29 Nov 2013
November 29, 2013

HMRC and Gateway Virus messages.

4 Comments

I have noticed over the last few weeks an increase in the number of fake messages which claim to come from the HMRC or Government Gateway and look at first glance quite realistic. They have a realistic return address such as noreply@hmrc.gov.uk or gateway.confirmation@gateway.gov.uk, but also have an attachment which is zipped up, which is not something that the HMRC would send out.

HMRC Spam Message

That last Gateway Registration Form zip file unzips to an .exe (program file) – which when it is checked against 47 antivirus products online, only 1 product flags it as being a virus – so it is likely to be missed by most people if they are JUST relying on their security software to keep them safe.

You need to engage common sense and also use the website www.virustotal.com to double-check suspicious files and attachments if you suspect that your own antivirus software has not flagged this very suspicious attachment. Or delete the email and log into your HMRC account in the normal way to check the validity of the message.

Be on your guard, and if you or someone in your office does click on the links, then let us know, as you might have infected your machine.  We also can recommend and help implement anti-virus and anti-spam solutions here at Silicon Bullet.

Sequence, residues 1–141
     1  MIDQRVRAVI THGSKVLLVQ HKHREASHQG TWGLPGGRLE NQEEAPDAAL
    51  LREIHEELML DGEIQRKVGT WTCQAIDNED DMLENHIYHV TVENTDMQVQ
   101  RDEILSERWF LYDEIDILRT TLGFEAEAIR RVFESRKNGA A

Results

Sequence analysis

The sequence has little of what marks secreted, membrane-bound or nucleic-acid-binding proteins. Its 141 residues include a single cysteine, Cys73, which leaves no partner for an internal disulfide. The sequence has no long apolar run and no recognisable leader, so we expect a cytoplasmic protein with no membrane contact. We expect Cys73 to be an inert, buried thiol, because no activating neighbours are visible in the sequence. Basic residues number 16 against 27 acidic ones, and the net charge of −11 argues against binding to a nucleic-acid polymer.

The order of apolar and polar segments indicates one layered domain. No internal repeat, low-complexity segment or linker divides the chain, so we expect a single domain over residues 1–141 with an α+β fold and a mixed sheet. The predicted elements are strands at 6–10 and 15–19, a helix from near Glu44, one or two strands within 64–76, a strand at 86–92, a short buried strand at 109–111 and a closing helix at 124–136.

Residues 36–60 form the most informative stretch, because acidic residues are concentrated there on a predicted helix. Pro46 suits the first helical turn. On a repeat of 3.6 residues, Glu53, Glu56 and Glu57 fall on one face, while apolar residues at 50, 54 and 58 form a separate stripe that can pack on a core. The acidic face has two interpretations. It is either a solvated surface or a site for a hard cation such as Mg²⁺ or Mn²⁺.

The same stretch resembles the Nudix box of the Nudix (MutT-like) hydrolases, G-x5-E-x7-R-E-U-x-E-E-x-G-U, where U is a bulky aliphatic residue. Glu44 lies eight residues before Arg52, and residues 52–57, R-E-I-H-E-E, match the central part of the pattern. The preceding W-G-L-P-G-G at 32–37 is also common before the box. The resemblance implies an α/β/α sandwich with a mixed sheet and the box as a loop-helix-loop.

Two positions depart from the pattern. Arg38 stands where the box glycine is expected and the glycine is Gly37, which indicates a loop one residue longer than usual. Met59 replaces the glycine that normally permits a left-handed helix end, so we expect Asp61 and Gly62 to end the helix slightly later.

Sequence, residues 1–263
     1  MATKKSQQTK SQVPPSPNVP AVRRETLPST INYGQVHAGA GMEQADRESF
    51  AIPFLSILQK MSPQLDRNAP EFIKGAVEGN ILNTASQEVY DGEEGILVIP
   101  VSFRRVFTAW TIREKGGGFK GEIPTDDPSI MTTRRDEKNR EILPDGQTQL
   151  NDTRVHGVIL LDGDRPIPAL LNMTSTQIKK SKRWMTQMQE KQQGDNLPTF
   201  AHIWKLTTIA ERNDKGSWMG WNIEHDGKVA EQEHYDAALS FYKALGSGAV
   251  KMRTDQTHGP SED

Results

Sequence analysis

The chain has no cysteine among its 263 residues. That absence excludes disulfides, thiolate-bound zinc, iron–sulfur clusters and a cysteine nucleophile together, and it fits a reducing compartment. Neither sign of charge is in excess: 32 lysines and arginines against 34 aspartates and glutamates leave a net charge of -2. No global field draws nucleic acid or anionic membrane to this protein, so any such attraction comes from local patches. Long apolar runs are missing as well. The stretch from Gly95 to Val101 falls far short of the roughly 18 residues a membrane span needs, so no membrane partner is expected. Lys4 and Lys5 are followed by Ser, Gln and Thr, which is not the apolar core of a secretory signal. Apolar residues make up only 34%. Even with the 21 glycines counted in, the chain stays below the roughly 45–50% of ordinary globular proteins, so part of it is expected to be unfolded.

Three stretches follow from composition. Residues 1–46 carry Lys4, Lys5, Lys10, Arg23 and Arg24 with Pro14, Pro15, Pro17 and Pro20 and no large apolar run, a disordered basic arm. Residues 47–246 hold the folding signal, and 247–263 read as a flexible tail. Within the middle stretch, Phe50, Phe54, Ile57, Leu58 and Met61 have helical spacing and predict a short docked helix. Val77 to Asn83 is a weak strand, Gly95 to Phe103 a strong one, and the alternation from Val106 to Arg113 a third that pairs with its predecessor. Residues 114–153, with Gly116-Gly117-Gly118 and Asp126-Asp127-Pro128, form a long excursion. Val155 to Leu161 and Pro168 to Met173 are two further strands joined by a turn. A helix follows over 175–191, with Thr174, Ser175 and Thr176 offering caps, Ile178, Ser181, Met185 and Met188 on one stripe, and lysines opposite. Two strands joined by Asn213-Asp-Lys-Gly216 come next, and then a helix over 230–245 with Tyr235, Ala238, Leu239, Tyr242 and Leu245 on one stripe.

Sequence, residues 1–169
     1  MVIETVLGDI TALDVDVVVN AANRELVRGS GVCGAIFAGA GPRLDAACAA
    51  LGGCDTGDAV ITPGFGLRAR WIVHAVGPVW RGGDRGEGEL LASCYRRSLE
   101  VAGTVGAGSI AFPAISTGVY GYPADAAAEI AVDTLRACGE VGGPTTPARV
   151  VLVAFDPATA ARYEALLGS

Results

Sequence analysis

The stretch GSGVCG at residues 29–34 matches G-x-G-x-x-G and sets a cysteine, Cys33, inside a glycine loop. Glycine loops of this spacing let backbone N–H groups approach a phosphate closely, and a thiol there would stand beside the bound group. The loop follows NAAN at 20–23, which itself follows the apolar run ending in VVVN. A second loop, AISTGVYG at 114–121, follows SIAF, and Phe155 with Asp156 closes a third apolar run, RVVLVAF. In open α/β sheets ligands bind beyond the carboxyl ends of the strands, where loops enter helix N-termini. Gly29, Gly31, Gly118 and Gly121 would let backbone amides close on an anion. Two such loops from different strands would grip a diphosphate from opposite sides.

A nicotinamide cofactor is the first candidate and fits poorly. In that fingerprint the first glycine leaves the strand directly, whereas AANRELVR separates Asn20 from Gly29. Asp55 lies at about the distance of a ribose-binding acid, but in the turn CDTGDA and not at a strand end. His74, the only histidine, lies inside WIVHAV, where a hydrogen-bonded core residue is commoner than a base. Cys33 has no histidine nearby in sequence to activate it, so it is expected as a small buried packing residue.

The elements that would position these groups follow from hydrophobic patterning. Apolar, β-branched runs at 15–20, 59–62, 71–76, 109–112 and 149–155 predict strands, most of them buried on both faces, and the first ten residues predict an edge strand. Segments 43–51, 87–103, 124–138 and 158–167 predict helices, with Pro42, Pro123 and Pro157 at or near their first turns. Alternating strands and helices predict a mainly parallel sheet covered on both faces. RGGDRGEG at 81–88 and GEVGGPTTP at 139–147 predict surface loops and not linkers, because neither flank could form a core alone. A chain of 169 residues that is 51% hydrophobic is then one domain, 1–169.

4 Responses to HMRC and Gateway Virus messages.
  1. Interesting. I’ve received one of these – having 3 days earlier registered on the HMRC website for their government gateway access. The fact that I received the virus email just 3 days later surely implies that the HMRC website has been compromised. It can’t be a coincidence!

  2. I have received one today. I didn’t register recently but am due to file my tax info within the next week This is prime time as so many people are registering and filing their returns so it may just be clever timing and not that the HMRC site is compromised.

    • Hi Kim, I think you might well be right. Mind you, it wouldn’t be the first time that the infection vector is via a website, rather than via email. The attraction of course is that it is a well known website with high traffic levels – thus making it a prime target, but of course this should mean that it gets strong protection to try to avoid such issues. But it wouldn’t be the first time that a high profile website gets compromised.

  3. The messages seem to come in waves John. I’m getting ones now about my VAT return as well as about self assessment and payroll PAYE code changes. We just don’t know.


[top]

Leave a Reply to John Griffin Cancel reply

Your email address will not be published. Required fields are marked *

This site uses Akismet to reduce spam. Learn how your comment data is processed.